TORONTO - An astounding rebound in the resale housing market and good news out of the manufacturing sector combined Friday to give yet another indication that Canada is slowly but surely digging itself out of recession.
The Canadian Real Estate Association reported that 50,270 homes traded hands on the Multiple Listing Service in July. This is up 18.2 per cent from a year ago and set a record for the month of July.
Meanwhile, manufacturing sales rose 1.9 per cent to $39.7 billion in June, partially reversing the 4.9 per cent decline seen in May, according to Statistics Canada.
Although the economy has a long way to go before it returns to levels of growth seen before the recession began, there are many signs that the bottom has been reached, said CIBC chief economist Avery Shenfeld.
"I believe that when history is written, we'll see that the second quarter was the last quarter of recession, and the third quarter the quarter that marked the beginning of the climb out of the hole," Shenfeld said in an interview.
Although Shenfeld cautioned against placing too much weight on monthly numbers, he said both manufacturing and housing are important signposts for the direction of the economy as a whole.
"Both are important in terms of defining the end of recessions and beginnings of recovery," he said.
However, the Canadian economy is ultimately reliant upon that of the U.S., where the recovery is expected to be gradual.
On Friday, the University of Michigan's consumer sentiment index fell an unexpected 2.8 points to 63.2, its lowest level since March. And U.S. retail data released Thursday showed that retail sales fell 0.1 per cent in July, while economists expected a gain of 0.7 per cent.
"Let's face it, we go where the U.S. economy goes to a large extent, and while the numbers appear to be stabilizing in the United States, there are still some grey clouds," said TD chief economist Don Drummond.
Within Canada, home sales have been rebounding steadily since January, posting six consecutive monthly increases. Seasonally adjusted activity is now 61.2 per cent higher than it was at the beginning of 2009 and is only 1.4 per cent below its all-time high in May 2007, according to CREA.
"Home sales through the MLS systems in July provide clear evidence that sentiment about making major purchases continues to improve," stated CREA chief economist Gregory Klump.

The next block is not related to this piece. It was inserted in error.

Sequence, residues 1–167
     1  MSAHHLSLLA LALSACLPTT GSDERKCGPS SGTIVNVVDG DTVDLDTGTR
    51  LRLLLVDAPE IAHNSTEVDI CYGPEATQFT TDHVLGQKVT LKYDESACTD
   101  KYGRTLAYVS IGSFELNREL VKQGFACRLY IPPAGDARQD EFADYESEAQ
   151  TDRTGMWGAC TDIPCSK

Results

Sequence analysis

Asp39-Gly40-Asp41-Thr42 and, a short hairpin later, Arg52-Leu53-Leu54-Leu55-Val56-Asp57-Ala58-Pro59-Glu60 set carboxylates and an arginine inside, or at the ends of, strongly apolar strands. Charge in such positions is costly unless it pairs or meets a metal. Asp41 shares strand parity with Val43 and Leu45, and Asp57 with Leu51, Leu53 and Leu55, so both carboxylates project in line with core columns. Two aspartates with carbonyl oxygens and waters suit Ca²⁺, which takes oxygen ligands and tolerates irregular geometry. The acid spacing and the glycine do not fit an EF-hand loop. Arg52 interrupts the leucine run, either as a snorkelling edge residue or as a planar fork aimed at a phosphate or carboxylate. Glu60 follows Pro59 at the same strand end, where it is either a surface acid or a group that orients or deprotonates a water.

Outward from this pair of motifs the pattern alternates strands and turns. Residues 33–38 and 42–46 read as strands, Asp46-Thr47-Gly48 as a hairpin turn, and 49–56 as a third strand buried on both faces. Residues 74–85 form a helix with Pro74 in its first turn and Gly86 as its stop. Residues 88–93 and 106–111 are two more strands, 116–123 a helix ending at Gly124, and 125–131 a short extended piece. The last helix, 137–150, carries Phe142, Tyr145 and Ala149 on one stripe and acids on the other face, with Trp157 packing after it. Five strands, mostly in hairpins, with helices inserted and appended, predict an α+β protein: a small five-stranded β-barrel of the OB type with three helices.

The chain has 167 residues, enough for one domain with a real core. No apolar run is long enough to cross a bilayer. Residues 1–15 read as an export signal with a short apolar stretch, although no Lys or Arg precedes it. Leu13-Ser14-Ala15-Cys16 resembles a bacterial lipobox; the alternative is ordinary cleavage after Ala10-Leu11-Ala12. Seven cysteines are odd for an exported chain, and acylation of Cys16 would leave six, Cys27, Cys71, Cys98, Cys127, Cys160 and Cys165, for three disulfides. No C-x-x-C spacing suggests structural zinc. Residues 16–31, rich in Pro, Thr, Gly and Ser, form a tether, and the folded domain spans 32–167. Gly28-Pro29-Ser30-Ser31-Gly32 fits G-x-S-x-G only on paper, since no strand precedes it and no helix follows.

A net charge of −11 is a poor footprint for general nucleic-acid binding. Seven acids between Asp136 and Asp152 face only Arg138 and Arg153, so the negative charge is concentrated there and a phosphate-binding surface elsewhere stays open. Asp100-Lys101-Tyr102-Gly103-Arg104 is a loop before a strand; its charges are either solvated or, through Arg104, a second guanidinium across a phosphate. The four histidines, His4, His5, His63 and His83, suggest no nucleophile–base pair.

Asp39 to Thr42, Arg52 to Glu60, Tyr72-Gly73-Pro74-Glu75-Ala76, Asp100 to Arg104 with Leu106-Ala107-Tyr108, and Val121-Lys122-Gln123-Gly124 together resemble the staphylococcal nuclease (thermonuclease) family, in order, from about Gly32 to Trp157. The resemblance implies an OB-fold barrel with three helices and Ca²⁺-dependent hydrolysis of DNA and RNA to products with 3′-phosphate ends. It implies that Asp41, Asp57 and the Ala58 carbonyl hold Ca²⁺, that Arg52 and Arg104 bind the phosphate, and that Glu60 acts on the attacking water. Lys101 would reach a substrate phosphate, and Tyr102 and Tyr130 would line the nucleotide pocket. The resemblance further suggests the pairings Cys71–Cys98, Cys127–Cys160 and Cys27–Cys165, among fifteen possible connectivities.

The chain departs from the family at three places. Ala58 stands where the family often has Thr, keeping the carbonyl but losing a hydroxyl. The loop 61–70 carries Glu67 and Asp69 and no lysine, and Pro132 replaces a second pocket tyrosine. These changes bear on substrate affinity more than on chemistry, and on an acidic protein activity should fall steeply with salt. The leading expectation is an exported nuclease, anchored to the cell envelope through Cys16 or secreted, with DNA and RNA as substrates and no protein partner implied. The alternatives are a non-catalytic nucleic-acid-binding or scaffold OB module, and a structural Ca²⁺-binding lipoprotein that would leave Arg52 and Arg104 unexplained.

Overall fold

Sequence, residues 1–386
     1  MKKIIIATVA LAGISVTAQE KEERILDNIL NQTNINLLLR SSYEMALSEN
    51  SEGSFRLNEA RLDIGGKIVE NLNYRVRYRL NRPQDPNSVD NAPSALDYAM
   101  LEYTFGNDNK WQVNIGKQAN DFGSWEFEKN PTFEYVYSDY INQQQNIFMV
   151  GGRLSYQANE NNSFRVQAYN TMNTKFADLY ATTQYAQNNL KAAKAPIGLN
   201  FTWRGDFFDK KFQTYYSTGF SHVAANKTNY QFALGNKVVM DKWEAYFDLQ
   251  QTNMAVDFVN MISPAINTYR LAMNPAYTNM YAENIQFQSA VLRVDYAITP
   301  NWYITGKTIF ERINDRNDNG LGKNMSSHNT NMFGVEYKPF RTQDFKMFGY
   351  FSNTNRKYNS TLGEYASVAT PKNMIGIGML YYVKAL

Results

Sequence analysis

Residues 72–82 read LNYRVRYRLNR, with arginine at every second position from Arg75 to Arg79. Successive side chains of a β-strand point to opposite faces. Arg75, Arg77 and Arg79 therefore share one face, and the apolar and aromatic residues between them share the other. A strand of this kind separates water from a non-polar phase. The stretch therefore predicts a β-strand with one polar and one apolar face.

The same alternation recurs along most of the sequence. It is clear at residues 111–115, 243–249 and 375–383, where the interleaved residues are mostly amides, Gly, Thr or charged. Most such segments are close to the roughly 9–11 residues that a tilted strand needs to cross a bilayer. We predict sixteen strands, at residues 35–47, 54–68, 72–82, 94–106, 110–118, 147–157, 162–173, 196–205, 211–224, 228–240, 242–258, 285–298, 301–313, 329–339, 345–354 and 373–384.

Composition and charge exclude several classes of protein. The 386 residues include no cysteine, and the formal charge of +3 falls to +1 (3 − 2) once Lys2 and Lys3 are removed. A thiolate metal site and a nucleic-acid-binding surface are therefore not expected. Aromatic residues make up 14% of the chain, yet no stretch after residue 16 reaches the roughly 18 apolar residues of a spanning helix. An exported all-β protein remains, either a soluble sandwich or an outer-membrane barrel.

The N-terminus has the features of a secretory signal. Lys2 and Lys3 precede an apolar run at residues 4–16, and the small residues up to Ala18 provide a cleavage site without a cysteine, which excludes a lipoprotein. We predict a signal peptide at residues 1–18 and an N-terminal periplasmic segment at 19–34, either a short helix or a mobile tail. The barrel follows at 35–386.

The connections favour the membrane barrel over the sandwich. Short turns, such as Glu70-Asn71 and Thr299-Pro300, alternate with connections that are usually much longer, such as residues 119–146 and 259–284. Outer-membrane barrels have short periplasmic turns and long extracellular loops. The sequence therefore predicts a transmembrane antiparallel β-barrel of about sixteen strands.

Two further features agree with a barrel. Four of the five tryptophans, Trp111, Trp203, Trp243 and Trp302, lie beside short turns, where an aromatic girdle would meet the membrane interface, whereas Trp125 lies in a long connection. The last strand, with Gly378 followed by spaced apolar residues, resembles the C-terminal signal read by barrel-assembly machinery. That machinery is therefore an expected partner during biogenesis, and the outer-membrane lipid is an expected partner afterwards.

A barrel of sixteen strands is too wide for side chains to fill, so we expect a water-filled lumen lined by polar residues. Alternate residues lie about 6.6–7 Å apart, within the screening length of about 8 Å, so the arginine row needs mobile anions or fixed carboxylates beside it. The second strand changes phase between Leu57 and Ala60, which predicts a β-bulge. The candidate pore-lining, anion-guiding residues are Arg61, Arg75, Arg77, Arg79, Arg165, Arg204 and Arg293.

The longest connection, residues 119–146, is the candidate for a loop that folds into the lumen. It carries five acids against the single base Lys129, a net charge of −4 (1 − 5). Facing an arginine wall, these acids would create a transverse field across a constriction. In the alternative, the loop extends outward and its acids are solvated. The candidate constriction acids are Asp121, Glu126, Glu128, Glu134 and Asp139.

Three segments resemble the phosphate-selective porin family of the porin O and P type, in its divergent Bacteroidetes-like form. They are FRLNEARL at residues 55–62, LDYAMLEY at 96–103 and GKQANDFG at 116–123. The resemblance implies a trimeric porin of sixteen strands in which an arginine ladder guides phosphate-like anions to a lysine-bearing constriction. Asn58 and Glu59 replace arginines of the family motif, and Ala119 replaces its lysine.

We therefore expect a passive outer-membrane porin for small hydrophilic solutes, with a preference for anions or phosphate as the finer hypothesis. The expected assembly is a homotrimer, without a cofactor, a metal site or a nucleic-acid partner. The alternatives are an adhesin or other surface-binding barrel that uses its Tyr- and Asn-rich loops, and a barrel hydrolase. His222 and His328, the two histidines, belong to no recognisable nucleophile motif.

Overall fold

"Activity may level out over the rest of the year as home prices and mortgage lending interest rates creep higher."
Toronto home sales posted a year-over-year gain of 28 per cent, while Montreal added 19 per cent, Calgary gained 22 per cent, Edmonton climbed 28 per cent and Vancouver grew a breathtaking 90 per cent.
"Record-low borrowing costs and the mounting sense that the worst of the economic storm has passed are the key ingredients in the remarkable turnaround," wrote BMO deputy chief economist Doug Porter.
However, Scotiabank economist Adrienne Warren said July's numbers may not be sustainable.
"We expect the strength of underlying demand is probably somewhat overstated by pent-up demand from the depressed levels of last fall and winter, when the onset of the global economic and financial market crisis sent buyers to the sidelines, as well as sales being brought forward in anticipation of higher interest rates," Warren wrote.
The average price of a resold house rose 7.6 per cent to $326,832, while the number of MLS listings was 13 per cent below year-ago levels.
The manufacturing sales data from Statistics Canada was less unabashedly positive than that out of the housing sector, but it still represents an important reversal from a weak May.
The agency attributed the increase to strong sales in the aerospace industry and a rise in the price of petroleum and coal products, partially offset by lower auto sales, which slipped 0.6 per cent to 119,961 units in June.
However, Statistics Canada said preliminary data suggest a five per cent increase in auto sales for July.
New manufacturing orders jumped 18.4 per cent in June, the largest gain on record.
BMO Capital Markets economist Robert Kavcic said the improvement in the manufacturing industry "largely reflects a rebound from extremely depressed levels," but it does point to better days ahead.